The tomb is considered by many one of the most beautiful buildings on earth. It is a large cube-shaped structure with beveled edges, faced with white marble and topped with a spectacular onion-shaped dome. Large vaulted archways are centered on each side, while a number of smaller, similar arches form niches in the sides of the structure. Surrounding the tomb itself are four towers, or minarets, similar to those found typically with a mosque.

The interior of the tomb is octagonal with doors connecting to the outside on four of the sides. This interior is 82-feet high and topped with a dome. The interior is decorated with marble panels carved and inlaid with precious and semi-precious stones.

In 1658, shortly after the project was finished, Shah Jahan was deposed by his son, Aurangzeb, and put under house arrest at nearby Agra Fort. Upon his death in 1666, Aurangzeb had him buried next to Mumtaz Mahal in her tomb, rather than one of his own. On the floor of the main interior room are two false sarcophagi, one for each of them. (Their actual tombs are beneath in a lower level.)

The Gardens

One of the things that makes the Taj Mahal stand out from other tombs is the associated gardens. While most tomb structures of this type were placed in the center of their gardens, the tomb here is placed at the end, giving the observer a view of it in the distance with the full gardens in the foreground.

The garden is square and the number four (which is considered sacred in Islam) or multiples of the number four are worked into various parts of the landscaping. For example, the garden is divided into four quarters by canals. These quarters are then subdivided into 16 sunken flowerbeds.

In the very center of the gardens is a raised marble tank which acts as a reflecting pool for the tomb.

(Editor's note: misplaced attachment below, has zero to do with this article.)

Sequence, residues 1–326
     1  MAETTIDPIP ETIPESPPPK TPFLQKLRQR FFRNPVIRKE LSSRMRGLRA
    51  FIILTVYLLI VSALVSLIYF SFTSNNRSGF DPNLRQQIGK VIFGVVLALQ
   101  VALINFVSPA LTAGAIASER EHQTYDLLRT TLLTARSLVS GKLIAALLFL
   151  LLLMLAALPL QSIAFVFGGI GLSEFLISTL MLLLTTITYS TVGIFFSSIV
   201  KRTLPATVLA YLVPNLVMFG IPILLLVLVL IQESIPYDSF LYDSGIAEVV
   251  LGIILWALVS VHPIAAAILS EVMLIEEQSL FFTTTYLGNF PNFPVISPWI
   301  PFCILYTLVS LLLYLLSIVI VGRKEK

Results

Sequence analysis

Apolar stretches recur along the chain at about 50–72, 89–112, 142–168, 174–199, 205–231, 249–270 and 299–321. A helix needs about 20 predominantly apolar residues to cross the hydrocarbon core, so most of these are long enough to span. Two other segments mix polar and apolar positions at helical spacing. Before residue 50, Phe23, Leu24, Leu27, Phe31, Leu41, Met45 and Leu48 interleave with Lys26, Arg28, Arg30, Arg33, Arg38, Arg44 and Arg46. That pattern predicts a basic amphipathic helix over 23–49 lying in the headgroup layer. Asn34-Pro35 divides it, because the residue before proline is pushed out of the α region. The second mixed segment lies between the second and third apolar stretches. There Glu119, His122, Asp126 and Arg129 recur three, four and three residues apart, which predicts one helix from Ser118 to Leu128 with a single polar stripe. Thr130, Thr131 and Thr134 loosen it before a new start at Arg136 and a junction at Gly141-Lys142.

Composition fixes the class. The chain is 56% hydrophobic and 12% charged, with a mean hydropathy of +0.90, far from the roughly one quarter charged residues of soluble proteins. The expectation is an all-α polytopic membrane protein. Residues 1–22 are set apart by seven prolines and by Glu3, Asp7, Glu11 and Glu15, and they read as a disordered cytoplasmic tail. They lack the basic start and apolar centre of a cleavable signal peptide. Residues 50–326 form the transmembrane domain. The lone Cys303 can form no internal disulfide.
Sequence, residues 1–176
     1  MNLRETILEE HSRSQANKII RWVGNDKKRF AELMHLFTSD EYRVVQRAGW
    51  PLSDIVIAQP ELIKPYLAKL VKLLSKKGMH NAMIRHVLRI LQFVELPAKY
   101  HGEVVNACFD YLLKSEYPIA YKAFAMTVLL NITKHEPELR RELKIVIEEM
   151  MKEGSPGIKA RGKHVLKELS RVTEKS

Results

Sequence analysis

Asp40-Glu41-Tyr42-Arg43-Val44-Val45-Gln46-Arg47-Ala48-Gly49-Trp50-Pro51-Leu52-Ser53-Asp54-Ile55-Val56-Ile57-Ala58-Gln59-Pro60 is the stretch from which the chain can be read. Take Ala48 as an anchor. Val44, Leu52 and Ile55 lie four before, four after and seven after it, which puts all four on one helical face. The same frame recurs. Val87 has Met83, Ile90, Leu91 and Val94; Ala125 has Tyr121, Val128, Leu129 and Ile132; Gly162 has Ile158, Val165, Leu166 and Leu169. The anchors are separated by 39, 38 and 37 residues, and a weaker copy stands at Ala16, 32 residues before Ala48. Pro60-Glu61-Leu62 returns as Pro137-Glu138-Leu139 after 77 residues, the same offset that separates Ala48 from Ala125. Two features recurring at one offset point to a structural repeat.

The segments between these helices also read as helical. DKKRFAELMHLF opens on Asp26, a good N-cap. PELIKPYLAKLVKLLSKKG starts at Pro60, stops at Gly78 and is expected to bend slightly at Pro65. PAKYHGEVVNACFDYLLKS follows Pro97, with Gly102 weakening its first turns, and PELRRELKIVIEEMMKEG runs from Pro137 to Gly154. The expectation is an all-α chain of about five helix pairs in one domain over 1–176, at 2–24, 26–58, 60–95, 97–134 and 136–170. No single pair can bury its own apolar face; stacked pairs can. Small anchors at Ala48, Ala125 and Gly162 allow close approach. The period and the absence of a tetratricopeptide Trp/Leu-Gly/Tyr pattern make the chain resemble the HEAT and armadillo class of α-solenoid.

The false sarcophagi in the interior of the tomb.

Originally, the gardens would have been planted with roses, daffodils, and fruit trees. As the Mughal Empire declined, however, the garden was allowed to fall into ruin. When the British ruled India from 1858 to 1947, they restored the gardens but had it landscaped to resemble the formal lawns of London. This design choice remains even today.

The gardens and the tomb, except for where it faces the river, is surrounded by a red sandstone wall with a main gate, the "Great Gate" at the southern end. Outside the wall are additional tombs for the Emperor's other wives and a beloved servant.


Construction of the tomb and its terrace started in 1632 and took 12 years to finish. The rest of the complex took an additional 10 years. It is believed that more than a 1,000 elephants were employed in the construction. Materials from all over Asia were acquired for the project: white marble from Makrana, jasper from Punjab, turquoise from Tibet, lapis lazuli from Afghanistan, and jade and crystal from China. Masons, stone-cutters, inlayers, carvers, painters and calligraphers were recruited from across the continent to do the work.

Most of the actual buildings at the complex are constructed with brick and faced with either red sandstone or white marble. The total cost for labor and materials has been estimated in 2015 currency to be around 52.8 billion Indian rupees or $827 million in U.S. dollars.

An enormous brick scaffolding was built to allow the construction of the tomb. There is a story that the architects predicted it would take years to take it down after the construction was done, so Shah Jahan declared that anybody who wanted to remove bricks from the scaffolding could keep them. The local peasantry then disassembled the structure and it disappeared overnight.

Millions of people each year visit this most beautiful of tributes to love. In 1983 the location was designated a UNESCO World Heritage Site. Then in 2007 it was also declared a winner of the New7Wonders of the World contest. Truly, as UNESCO has declared it, it is "the jewel of Muslim art in India and one of the universally admired masterpieces of the world's heritage"

(Photo by Airunp CC BY-SA 2.1 es)

Copyright Lee Krystek 2017. All Rights Reserved.